High Impact Factor Journals Have Higher Retraction Rates


May 24, 2015

Very interesting New York Times article about the rise of frauds and retractions in High Impact Factor journals. The retraction rates for High IF journals (such as Science, Cell, and Nature) are much higher than lower IF journals.

From the article:

Journals with higher impact factors retract papers more often than those with lower impact factors. It’s not clear why. It could be that these prominent periodicals have more, and more careful, readers, who notice mistakes. But there’s another explanation: Scientists view high-profile journals as the pinnacle of success — and they’ll cut corners, or worse, for a shot at glory.

I would say that this is sad, but this is a consequence of the currently terrible funding climate and unreasonable expectations of study sections. If study sections dismiss grant writers because of an unreasonable expectation of past productivity, then it shouldn’t be surprising that the drive to make oneself look productive actively encourages fraud to get ahead.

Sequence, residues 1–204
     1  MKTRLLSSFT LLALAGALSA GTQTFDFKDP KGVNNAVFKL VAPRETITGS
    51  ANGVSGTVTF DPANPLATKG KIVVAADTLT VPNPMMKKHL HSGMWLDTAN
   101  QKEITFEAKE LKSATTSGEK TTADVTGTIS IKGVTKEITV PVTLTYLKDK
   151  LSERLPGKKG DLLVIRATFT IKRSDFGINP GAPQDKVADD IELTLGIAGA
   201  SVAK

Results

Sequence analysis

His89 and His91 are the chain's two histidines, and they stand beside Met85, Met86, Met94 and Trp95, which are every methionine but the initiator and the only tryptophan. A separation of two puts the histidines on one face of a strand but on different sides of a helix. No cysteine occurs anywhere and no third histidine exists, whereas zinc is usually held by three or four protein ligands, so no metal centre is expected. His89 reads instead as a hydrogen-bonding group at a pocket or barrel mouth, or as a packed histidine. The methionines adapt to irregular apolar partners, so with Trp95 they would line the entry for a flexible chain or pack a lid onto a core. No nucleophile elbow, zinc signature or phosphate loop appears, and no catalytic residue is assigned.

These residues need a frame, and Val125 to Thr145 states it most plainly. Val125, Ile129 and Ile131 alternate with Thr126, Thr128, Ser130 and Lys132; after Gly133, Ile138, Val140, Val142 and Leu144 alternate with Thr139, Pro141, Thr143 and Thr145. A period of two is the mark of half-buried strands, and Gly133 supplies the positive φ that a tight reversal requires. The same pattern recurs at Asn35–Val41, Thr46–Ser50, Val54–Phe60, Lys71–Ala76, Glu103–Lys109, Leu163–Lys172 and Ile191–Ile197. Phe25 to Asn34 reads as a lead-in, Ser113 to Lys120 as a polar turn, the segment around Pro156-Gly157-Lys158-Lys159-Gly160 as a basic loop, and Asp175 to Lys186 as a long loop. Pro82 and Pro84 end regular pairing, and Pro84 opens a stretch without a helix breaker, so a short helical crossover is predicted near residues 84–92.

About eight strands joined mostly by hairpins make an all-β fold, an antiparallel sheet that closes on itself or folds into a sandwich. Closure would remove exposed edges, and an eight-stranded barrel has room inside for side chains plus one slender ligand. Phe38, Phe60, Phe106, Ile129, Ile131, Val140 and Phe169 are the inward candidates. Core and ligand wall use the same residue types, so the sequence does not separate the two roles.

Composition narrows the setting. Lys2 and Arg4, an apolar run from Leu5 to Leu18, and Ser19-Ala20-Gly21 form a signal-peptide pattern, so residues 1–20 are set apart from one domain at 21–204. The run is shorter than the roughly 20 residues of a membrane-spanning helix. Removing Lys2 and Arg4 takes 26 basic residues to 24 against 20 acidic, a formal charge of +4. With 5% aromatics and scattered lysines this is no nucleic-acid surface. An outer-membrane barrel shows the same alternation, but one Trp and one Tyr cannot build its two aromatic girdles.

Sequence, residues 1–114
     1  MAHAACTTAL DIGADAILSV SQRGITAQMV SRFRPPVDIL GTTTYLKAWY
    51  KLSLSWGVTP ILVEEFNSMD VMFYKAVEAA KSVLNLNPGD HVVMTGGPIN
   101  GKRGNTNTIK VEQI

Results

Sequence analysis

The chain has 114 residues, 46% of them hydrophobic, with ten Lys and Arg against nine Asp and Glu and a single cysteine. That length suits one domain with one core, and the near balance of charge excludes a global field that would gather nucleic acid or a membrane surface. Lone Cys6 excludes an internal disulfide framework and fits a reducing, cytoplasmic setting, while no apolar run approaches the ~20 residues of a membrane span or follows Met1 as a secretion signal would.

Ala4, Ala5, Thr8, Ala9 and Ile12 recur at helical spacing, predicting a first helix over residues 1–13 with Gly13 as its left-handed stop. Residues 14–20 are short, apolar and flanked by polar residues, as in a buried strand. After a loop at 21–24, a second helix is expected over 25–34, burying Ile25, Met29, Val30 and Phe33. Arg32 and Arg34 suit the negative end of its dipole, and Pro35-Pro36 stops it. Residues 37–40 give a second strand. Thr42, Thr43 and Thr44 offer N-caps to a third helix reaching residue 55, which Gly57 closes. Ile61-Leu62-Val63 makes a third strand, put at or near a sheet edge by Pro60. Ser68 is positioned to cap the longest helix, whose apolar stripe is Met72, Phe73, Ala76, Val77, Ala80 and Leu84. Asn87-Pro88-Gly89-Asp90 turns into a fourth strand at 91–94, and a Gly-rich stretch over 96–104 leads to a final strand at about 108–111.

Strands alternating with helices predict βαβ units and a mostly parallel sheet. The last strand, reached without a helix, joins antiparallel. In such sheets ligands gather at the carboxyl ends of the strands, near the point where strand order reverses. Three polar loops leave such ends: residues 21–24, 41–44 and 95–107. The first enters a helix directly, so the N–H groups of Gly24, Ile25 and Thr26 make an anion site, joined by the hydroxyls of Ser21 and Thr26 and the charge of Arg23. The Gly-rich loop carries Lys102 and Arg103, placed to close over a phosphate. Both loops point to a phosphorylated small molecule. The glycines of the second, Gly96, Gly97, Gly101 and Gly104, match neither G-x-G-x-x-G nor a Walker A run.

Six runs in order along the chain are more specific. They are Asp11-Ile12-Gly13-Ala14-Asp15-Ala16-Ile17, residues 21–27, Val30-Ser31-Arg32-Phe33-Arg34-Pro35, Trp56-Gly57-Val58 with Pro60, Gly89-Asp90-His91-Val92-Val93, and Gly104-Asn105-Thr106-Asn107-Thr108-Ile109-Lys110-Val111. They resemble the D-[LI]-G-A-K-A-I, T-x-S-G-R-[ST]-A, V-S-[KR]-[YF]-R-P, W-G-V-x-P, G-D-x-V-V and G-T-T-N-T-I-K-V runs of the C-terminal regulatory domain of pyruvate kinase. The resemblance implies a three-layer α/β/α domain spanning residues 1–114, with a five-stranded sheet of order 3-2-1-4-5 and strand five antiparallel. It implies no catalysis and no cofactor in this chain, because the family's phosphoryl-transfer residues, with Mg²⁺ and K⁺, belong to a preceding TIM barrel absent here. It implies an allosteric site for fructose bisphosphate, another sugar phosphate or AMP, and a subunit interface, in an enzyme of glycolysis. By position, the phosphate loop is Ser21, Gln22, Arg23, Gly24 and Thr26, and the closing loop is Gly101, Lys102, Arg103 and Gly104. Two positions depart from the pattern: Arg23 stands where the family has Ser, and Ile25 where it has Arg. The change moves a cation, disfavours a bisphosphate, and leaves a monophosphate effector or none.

BibTeX citation:
  author = {Ted Laderas},
  editor = {},
  title = {High {Impact} {Factor} {Journals} {Have} {Higher}
    {Retraction} {Rates}},
  date = {2015-05-24},
  url = {https://laderast.github.io//posts/2015-05-24-The-Rise-Of-Fraud-in-High-IF-journals},
  langid = {en}
For attribution, please cite this work as:
Ted Laderas. 2015. “High Impact Factor Journals Have Higher Retraction Rates.” May 24, 2015. https://laderast.github.io//posts/2015-05-24-The-Rise-Of-Fraud-in-High-IF-journals.